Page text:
Greece is bubbling again.
The long-suffering cradle of democracy’s place on the front line of the migrant crisis may have pushed its economic problems down the international news agenda since last July, but they are coming sharply back into focus now, as the tensions between Athens and its lenders erupted again at the weekend.
As it has so often during the six (!) years since Greece first asked for a bailout, what is happening is being overshadowed by how it is happening.
It isn’t new that Athens can’t agree with the Eurozone and the International Monetary Fund on how to implement the latest €86 billion ($95 billion) bailout agreement; the left-wing government of Prime Minister Alexis Tsipras has been wriggling on that particular hook for months.
What is new is the extremes of mistrust and underhandedness that relations between the three have reached. First, somebody eavesdropped on a conference call between three senior IMF officials on negotiating tactics, two of whom were staying at the Hilton Hotel in Athens at the time. Then they leaked it, causing a fresh storm of indignation in Greece about economic blackmail. Tsipras fired off a theatrical letter to IMF head Christine Lagarde, who responded by draping only the thinnest veil of diplomatic language over an accusation that he had orchestrated it all himself.
“The (IMF mission to Greece) consists of experienced staff who have my full confidence and personal backing. For them to be able to do their work, as you have invited us, it is critical that your authorities ensure an environment that respects the privacy of their internal discussions and take all necessary steps to guarantee their personal safety.”
The call’s transcript features Poul Thomsen, Delia Velculescu, and Iva Petrova, who are, respectively, the head of the IMF’s European department, the head of the IMF mission in Greece, and a Washington-based expert in fiscal policy issues. In it, Thomsen (who has been directly involved in the Greek drama since 2010) effectively despairs that anything short of another round of last-ditch brinkmanship will persuade either Athens to carry out the promises it made last year, or persuade the Eurozone to forgive some of the debts under which Greece is suffocating.
“What is going to bring it all to a decision point?” Thomsen asks. “In the past there has been only one time when the decision has been made and then that was when they were about to run out of money seriously and to default.”
The explosive content comes as he speculates on how to deal with that situation.
“Basically we at that time say, ‘Look, you Mrs. Merkel, you face a question, you have to think about what is more costly: to go ahead without the IMF, would the Bundestag say, ‘The IMF is not on board?’ Or to pick the debt relief that we think that Greece needs in order to keep us on board?'”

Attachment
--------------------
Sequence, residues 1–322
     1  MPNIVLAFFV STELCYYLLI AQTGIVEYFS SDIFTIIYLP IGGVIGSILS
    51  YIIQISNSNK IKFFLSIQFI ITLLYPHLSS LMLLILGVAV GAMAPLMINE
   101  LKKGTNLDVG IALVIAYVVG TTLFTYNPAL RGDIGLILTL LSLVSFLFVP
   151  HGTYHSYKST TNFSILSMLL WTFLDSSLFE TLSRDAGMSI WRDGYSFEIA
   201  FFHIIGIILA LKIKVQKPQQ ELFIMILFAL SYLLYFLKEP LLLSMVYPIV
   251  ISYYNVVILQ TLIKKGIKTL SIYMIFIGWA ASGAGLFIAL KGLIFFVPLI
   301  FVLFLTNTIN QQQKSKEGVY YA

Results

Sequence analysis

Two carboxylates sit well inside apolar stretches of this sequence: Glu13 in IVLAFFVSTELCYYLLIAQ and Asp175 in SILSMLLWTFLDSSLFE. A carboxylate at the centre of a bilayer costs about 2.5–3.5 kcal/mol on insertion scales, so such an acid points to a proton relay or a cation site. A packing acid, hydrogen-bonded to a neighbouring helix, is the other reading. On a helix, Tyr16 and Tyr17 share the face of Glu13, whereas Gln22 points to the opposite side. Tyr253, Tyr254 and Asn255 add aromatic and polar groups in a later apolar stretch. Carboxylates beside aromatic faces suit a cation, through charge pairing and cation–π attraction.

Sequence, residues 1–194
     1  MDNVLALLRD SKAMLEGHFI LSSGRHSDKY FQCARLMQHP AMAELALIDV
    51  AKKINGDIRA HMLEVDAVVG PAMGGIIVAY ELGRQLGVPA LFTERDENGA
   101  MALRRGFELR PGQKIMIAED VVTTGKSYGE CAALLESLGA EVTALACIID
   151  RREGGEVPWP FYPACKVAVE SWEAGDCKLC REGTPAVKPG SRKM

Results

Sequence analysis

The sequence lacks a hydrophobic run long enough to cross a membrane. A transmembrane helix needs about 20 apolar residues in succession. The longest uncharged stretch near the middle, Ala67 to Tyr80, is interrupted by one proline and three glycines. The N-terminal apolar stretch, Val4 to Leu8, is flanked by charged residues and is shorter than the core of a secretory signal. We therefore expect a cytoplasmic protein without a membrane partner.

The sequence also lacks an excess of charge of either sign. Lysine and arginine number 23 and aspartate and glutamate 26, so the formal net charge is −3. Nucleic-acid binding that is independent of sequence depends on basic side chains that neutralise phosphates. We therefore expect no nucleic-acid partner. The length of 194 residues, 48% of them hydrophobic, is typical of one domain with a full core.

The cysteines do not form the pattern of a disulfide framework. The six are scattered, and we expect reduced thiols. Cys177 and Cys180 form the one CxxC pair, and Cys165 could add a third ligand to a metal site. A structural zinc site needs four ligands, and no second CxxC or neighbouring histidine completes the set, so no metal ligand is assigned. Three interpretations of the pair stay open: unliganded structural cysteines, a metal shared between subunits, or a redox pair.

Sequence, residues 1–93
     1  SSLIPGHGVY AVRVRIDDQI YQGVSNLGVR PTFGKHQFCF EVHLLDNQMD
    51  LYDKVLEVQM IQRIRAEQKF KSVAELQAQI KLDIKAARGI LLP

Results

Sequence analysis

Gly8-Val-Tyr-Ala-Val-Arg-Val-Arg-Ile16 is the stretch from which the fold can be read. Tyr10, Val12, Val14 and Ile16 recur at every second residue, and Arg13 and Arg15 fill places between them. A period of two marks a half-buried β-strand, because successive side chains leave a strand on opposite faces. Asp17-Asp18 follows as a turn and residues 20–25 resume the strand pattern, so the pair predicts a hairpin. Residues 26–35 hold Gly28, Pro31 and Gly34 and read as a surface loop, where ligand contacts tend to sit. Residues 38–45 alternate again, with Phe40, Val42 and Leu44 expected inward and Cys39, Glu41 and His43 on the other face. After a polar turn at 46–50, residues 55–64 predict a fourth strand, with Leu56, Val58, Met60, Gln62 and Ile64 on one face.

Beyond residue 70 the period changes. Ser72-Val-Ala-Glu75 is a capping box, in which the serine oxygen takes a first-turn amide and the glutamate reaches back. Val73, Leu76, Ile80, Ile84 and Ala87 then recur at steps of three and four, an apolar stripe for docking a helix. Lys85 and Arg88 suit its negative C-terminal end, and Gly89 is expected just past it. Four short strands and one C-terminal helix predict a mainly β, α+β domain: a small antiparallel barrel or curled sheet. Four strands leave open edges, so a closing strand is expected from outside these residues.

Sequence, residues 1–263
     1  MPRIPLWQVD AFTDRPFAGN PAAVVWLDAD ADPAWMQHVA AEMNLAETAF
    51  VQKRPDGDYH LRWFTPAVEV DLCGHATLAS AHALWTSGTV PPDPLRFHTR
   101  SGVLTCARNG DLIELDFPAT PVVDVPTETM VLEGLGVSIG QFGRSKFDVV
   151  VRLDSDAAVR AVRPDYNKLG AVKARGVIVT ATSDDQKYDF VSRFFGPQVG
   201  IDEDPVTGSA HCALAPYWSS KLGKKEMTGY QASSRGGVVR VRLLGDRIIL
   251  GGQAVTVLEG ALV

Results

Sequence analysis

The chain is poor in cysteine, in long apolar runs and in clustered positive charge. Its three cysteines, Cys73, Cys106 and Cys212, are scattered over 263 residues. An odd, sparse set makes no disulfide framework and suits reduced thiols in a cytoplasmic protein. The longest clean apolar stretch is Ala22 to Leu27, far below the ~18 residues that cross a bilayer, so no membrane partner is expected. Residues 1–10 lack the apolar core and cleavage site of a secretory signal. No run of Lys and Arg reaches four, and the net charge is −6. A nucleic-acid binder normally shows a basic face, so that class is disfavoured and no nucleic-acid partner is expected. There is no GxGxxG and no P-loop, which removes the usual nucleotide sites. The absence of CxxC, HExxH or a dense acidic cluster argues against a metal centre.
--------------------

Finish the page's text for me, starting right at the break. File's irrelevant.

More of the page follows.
As a disinterested observer, it’s hard to fault Thomsen’s logic. The Eurozone’s political leadership has had only one aim since 2010 and that is to stop Greece from leaving the currency union in a way that would expose Eurozone’s long-term frailties and leave it a prey to the remorseless pressures of financial markets. Greece’s governments have had many aims, but they have all boiled down to defending the bankrupt promises of their predecessors. The two have repeatedly cobbled together messy, last-minute compromises to cover up the unbridgeable gap between them.
At each step of the way, the IMF has betrayed itself. Under its charter, it’s only supposed to help out countries with temporary balance of payments problems that arise when private lenders decide they don’t want the counterparty risk any more. It lends hard currency in return for reforms that will guarantee a country’s long-term solvency. It is not supposed to lend to bankrupt governments, in their own currency, while they try half-heartedly to fix intractable political and structural problems.
Under European pressure, it has repeatedly agreed to pretend that Greece is not bankrupt, and that it continues to reform in good faith (Velulescu makes it quite clear what she thinks of that in the transcript: “These guys agree on something and then they give it up the next day. We have said this time and again, we know that they don’t do what we say…It just doesn’t function.”). The quid pro quo is that the European Central Bank agrees to a similar fiction of extending its “emergency lending assistance” to Greek banks that it pretends are solvent. Everyone knows that the endgame is either debt forgiveness or “Grexit.” No one has found a way to stomach either possibility, yet.
If that was the full extent of the issue, there would be good reason to think that this summer’s game of brinkmanship will end with another messy compromise just before Greece has to make a big debt repayment on July 20.
But this year is (a bit) different. As Thomsen notes, that date falls under the shadow of the U.K.’s vote on leaving the European Union, due June 23. That referendum will likely occupy most of European political elite for much of the early summer, and a vote to leave would send a centrifugal shock through the whole bloc. There would be no pretending any more that the EU is historically destined for an “ever closer union.”
At that point, it would become all about Berlin. Would the Bundestag drop its opposition to debt forgiveness (a government spokesman repeated Monday that it’s “not on the table”) and accept that saving Greece is a price worth paying to save the euro? Would it decide to cut Greece off and accept the consequences? Or would it try to co-opt the IMF into kicking the can down the road one more time?
The last option is without doubt the default. Thomsen suggests that it won’t sign off on such a trick again, and many of the IMF’s non-European members would back him in that. But does the Fund really have the guts to trigger the kind of global financial turmoil that it exists to stop?